Maybe I should phrase the question in a different way. In the past, when I’ve read your writing on the sins of American foreign policy, the global war on terror, our role in destabilizing countries all over the world with coups during the Cold War and the war in Iraq, and the devastation that this has caused abroad, you speak with real passion. Maybe it’s because you’re an American, and it’s good that you’re so critical of our country. Now, when you’re talking about civilians being killed in Syria or in Eastern Europe, you have this almost clinical lack of passion, and everything seems to just trace back to the United States being the secret power causing it. There’s no sense of these people’s wishes or desires, there’s no sense of Eastern Europeans wanting to join NATO and why they might want that. There’s no sense of the human-rights issues involved. Do you think that’s a fair critique? And how do you respond to it?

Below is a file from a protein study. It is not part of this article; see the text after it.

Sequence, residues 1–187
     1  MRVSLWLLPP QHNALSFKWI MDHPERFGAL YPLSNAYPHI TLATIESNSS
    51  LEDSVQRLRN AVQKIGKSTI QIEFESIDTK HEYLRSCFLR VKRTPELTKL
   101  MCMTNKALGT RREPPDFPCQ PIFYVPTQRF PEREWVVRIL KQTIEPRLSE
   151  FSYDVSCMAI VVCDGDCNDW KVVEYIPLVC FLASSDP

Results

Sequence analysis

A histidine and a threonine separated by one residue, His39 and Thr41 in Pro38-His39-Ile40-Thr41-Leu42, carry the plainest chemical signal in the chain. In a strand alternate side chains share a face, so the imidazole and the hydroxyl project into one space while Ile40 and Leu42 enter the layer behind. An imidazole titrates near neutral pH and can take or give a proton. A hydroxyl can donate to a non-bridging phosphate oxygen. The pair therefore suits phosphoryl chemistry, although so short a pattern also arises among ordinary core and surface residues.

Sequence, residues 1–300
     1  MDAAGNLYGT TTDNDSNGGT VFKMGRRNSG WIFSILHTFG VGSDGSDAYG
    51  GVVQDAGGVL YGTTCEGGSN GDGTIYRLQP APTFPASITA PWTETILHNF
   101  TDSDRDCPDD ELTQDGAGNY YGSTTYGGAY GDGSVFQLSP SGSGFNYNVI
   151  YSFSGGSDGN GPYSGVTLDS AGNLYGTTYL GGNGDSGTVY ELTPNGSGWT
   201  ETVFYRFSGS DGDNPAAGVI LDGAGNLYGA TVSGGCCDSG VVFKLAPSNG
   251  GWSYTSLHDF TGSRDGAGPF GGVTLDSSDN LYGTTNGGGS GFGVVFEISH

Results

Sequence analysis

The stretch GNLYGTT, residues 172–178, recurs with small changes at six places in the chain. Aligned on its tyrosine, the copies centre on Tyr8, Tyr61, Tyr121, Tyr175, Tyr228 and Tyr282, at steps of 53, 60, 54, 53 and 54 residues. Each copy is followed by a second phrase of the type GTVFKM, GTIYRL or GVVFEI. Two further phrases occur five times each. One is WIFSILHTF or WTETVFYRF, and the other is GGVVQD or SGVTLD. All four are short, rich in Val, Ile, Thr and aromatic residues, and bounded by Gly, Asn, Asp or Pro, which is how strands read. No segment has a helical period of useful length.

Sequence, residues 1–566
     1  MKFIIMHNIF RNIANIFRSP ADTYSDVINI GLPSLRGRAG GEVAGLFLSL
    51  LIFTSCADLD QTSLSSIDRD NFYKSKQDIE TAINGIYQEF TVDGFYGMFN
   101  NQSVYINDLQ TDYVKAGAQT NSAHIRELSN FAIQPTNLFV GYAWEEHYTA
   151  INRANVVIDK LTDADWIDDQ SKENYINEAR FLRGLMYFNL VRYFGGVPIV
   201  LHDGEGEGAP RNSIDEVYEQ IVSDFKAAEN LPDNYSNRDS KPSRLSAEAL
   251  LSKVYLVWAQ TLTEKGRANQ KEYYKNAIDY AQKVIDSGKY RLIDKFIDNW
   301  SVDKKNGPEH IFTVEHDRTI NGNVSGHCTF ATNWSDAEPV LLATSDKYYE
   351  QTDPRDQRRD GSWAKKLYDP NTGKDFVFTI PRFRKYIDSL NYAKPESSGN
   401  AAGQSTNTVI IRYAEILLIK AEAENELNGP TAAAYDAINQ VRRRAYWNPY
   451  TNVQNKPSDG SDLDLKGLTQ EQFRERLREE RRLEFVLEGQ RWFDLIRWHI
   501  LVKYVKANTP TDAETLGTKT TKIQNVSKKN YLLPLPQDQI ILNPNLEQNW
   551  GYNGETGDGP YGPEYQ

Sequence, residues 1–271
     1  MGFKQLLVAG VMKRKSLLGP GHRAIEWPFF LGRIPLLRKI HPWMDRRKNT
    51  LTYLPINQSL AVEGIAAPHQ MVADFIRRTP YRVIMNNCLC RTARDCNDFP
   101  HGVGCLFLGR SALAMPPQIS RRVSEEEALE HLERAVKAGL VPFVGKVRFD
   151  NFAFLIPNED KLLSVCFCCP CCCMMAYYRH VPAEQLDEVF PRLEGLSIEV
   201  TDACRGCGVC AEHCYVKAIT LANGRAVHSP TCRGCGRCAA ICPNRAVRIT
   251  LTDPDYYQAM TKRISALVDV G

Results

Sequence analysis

I don’t think it’s a fair critique at all, and I think maybe you’re missing my point completely, which is that I find it horrendous how many innocent people are dying and suffering. I worry about it every day. It’s a horrible thing. It weighs very heavily on me personally, but I believe that understanding these events so that the fighting can stop is of paramount importance.

Let me just say a word about Syria. The United States destabilized Syria and, in early 2012, there was the possibility of a peace agreement. One country stood in the way of the peace agreement. That was the United States.